Synopses & Reviews
Animated Storytelling is an approachable and easy-to-follow guide that teaches readers how to create memorable stories using animation and motion graphics. The book’s friendly tone and boiled-down ideas take readers through the stages of concept development, pre-production, storyboarding, and design (including color, world building, and sound) with clear examples and easy-to-follow assignments.
With an emphasis on pre-visualization, technique selection, and experimentation, this book provides readers—from illustrators and graphic designers to animators, producers and directors—with useful tools to help get their designs moving with meaning at any budget.
Whether the reader’s goal is to create exciting content for film festivals, effective messaging for broadcast or online, or simply to gain a deeper understand of the medium, Animated Storytelling simplifies the process of creating clear and engaging stories for animation and motion graphics.
Animation is a limitless medium for telling stories. Artists can create worlds, defy gravity, flip from factual to fantasy, and transport audiences to places they never imagined. The challenge is having the discipline to reel it in and be intentional about your storytelling choices. This book shows you how.
In Animated Storytelling, you ll learn how to create memorable stories using animation and motion graphics by following 10 simple guidelines that take you through the stages of concept development, pre-production, storyboarding, and design. Award-winning animator Liz Blazer uses clear examples and easy-to-follow exercises to provide you with the instruction, encouragement, and tools you need to get your designs moving.
Whether your goal is to create exciting shorts for film festivals, effective messaging for broadcast or online, or simply to gain a deeper understanding of the medium, Animated Storytelling simplifies the process of creating clear and engaging stories for animation and motion graphics so you can get started easily.
In Animated Storytelling, you ll learn how to:
- Write a creative brief for your project
- Find and communicate your story s big idea
- Create a tight story using linear and nonlinear story structures
- Use color to clarify and enrich your story
- Define the rules for your animated world, and commit to them
- Ease into the challenging task of animation
- Make the work you want to be hired to do
- Share your work with the world
About the Author
Liz Blazer is a filmmaker, art director, visual artist, designer, animator, and educator. She has worked as a development artist for Disney, as a special effects designer for MTV, and as an art director for the Palestinian/Israeli Sesame Street. Her animated documentary Backseat Bingo traveled to 180 film festivals in 15 countries and won many awards, including awards from the HBO Comedy Arts Festival, Animation Magazine and the International Documentary Association. As an educator, Blazer emphasizes storytelling and pitching as she guides her students to bring their art to life through animation.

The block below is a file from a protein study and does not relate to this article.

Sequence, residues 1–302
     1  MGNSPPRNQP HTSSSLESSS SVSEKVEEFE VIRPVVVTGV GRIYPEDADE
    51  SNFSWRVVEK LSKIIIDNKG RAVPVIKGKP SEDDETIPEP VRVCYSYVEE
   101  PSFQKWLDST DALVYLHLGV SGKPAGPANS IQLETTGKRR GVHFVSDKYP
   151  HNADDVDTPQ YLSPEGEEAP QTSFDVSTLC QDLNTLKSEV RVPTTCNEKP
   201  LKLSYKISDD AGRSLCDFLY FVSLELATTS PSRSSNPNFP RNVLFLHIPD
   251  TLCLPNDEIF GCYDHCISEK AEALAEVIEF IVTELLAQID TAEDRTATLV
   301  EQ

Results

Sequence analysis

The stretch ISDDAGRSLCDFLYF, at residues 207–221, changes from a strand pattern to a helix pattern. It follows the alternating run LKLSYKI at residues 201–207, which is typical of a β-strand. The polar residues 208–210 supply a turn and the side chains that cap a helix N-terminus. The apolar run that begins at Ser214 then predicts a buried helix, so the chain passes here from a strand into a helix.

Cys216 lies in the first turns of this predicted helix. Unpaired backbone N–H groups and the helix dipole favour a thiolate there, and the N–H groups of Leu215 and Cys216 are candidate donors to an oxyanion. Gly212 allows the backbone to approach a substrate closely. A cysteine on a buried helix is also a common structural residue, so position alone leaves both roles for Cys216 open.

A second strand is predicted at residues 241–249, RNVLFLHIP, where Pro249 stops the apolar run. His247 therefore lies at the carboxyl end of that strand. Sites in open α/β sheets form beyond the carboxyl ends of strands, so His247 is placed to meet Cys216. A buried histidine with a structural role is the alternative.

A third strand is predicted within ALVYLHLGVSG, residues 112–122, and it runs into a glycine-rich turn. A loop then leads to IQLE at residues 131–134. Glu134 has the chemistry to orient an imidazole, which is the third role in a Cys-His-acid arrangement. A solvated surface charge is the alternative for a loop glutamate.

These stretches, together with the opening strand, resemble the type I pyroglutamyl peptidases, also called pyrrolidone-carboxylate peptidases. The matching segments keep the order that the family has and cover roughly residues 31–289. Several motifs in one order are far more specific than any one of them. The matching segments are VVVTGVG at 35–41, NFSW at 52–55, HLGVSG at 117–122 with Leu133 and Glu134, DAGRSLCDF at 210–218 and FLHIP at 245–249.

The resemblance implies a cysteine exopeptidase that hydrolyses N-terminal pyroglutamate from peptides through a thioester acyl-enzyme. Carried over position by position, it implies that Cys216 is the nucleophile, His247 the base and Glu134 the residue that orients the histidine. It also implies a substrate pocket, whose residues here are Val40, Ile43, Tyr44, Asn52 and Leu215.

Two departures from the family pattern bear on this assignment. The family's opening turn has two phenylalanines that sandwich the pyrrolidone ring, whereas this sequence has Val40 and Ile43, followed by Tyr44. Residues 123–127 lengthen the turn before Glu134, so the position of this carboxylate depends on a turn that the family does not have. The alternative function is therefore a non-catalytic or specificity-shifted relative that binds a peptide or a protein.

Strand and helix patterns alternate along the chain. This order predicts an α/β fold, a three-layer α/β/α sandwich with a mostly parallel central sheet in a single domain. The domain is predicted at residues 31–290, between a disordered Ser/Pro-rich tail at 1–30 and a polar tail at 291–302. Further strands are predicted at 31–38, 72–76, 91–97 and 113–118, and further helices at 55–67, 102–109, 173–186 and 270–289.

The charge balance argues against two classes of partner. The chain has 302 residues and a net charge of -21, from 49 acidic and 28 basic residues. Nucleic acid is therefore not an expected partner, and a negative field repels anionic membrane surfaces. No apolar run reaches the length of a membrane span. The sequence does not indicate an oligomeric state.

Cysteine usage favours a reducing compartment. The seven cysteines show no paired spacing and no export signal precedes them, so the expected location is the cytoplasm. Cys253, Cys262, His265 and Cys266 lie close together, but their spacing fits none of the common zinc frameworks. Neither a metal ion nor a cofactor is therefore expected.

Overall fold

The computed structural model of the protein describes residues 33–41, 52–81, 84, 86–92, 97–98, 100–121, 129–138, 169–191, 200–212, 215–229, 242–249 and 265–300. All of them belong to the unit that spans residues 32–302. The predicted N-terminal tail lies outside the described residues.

Table of Contents
1. Pre-Production is the most important step in creating an animated piece.
I. Concept development
2. Pitch until you know the story beats.
I. Storytelling 101
II. Story structure
3. Be playful with the medium.
I. How limitless is animation?
II. The animated transition
III. Styles of motion graphics
IV. Using analog and digital sources
4. Use color wisely to support your storytelling.
I. Limiting color palettes
II. Color scripts
III. High contrast and complementary colors
IV. Surprise colors
V. Color systems
5. Concept development and animation style should be integrated.
II. Logos and broadcast graphics
III. Title sequences for TV and film
6. Vary scale and directional movement from shot to shot within a piece.
I. Scale changes to reveal or conceal visual information
II. Changes in directional movement from shot to shot
III. Using flat and deep space
7. Use contrast to support clear figure/ground relationships when you have something important to say.
I. Contrast and movement
II. Figure/ground relationships in motion
8. Let sound drive your animation.
I. Seeing what you hear
II. Choosing music, VO, effects.
III. Letting sound drive your movement
9. Design the rules of the world you are building, then set your art free to live there.
I. World building
II. Design for motion
10. Be a student of motion graphics.
I. Study your history II. Choose your influencers